Malyana riots: India Muslim victims despair after court order

Mohd Ismail's parents with one of his siblings
Image caption,Mohd Ismail’s parents and siblings were among 11 family members killed in Malyana

By Geeta Pandey

BBC News, Delhi

The recent order of a trial court in the northern Indian state of Uttar Pradesh, setting free 41 Hindu men accused of religious violence against Muslims 36 years ago, has plunged the survivors and families of victims into despair.

The violence on 23 May 1987 in Malyana village on the outskirts of Meerut town, in which 72 Muslims were massacred, allegedly by local Hindus and members of the state’s armed police force, has been described as a “blot on Indian democracy”. And critics say Friday’s sessions court order is “a travesty of justice”.

Vibhuti Narain Rai, a former director general of the Uttar Pradesh police, described it as a “total failure on the part of the state”.

“The victims have been miserably failed by all the stakeholders – the police, the political leadership, a partisan press, and now the judiciary,” he told the BBC.

Mr Rai, along with senior journalist Qurban Ali who’d extensively covered the riots, and a couple of survivors of the massacre, had petitioned the Allahabad high court in 2021 complaining about the slow pace of the proceedings.

“The investigation had been faulty from the start and the trial was pending for three-and-a-half decades so we petitioned the high court to order a fresh investigation, hold a fair trial and pay compensation to the victims,” Mr Rai said.

Mr Ali said one of their demands was to revisit the role of the police in the carnage. Survivors allege that the violence was started by members of the state’s Provincial Armed Constabulary (PAC) – a police force created to deal with insurgencies and religious and caste conflicts.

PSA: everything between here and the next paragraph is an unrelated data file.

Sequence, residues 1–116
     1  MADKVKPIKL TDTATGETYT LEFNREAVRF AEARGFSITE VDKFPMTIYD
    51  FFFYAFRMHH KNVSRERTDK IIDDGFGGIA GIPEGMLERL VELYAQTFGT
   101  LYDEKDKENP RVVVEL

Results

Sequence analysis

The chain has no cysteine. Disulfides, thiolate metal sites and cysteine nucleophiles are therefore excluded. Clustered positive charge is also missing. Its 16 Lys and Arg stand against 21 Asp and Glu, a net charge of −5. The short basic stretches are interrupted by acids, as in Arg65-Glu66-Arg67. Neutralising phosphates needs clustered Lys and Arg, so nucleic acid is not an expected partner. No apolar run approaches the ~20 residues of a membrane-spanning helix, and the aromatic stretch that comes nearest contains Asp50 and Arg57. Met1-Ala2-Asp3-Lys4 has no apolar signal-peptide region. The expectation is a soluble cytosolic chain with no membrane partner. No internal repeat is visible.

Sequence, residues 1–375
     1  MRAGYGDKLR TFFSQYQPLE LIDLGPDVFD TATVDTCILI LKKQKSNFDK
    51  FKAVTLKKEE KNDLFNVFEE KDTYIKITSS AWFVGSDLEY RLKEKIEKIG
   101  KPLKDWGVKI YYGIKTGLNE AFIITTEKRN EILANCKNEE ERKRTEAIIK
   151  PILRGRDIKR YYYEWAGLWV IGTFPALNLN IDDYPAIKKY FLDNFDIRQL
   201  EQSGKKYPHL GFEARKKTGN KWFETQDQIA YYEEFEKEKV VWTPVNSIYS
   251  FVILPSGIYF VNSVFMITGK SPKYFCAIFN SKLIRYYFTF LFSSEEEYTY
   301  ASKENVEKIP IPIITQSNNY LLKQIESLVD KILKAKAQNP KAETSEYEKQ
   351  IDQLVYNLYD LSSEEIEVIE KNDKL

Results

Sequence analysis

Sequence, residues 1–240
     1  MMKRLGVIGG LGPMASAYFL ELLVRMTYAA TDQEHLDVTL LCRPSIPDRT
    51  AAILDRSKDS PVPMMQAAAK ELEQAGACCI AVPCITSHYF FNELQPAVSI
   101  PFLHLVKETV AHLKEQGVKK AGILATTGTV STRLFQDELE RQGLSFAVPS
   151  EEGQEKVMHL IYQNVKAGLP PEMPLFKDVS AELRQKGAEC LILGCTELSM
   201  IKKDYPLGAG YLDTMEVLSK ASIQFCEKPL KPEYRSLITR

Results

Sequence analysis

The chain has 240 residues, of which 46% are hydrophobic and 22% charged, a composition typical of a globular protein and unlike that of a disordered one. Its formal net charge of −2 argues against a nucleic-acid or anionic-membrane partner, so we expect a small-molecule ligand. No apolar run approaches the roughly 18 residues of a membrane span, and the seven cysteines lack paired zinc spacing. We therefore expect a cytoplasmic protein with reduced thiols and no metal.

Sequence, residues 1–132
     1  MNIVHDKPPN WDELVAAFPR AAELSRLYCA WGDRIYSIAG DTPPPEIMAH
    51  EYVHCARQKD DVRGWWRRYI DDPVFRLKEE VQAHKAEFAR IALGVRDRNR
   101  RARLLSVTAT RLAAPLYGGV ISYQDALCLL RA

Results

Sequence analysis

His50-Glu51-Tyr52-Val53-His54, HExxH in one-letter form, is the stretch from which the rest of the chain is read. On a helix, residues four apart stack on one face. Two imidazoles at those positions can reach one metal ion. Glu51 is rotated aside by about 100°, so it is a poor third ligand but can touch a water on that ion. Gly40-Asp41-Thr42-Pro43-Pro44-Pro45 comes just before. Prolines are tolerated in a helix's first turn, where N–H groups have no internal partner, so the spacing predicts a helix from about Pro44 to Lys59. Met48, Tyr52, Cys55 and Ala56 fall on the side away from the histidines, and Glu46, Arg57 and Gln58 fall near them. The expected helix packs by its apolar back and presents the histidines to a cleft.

Civil liberties organisations, including Amnesty International, have documented the PAC’s involvement in the Malyana riots. Mr Ali also points out that “post-mortem reports submitted in court of at least 36 bodies show bullet wounds” – at a time when villagers had no access to guns.

The BBC reached out to the PAC for their response to allegations of involvement in the Malyana violence. A senior official said he was “not competent enough to talk about the case”. An email has also been sent to the head of the force.

Residents of Malyana after hearing the news of the judgement
Image caption,Residents of Malyana after hearing the news of the judgement

In the complaint registered by police after the killings, only 93 local Hindus were named as accused – 23 died during the trial and 31 “could not be traced”.

Defence lawyer Chhotey Lal Bansal told the BBC that the prosecution case fell through because the main witness said he had “named the accused under police pressure” and that “police had included names of four people who had died seven-eight years before the carnage and one man who was gravely ill and in hospital”.

“What happened to Malyana’s Muslims was very painful and was highly condemnable. But my clients were also victims, living under threat of prosecution for 36 years,” he said.

“Both the defence and the prosecution repeatedly blamed the police and the PAC for the killings, but their names were not included,” he added.

The 26-page judgement has distressing details of violence narrated in court – a young man killed when a bullet pierced his neck, a father cut into pieces with swords, a five-year-old thrown into a fire.

So the judgement has shocked the survivors of the violence and members of victim’s families.

Vakeel Ahmed Siddiqui, who carries scars from two bullet wounds, says “gloom has descended on the community in Malyana”.

“I know all those who died and all those who killed,” he tells me, adding that he weeps every time he talks about 23 May 1987.

For some days, he says, anti-Muslim rumours had been swirling around in their village and attempts were being made to create animosity between the two communities.

“Meerut had been a powder keg for years and had seen riots, but we didn’t think there would be any violence in our village. But on that day, PAC personnel arrived in three vehicles and surrounded Muslim areas, shutting down all exit routes,” he says.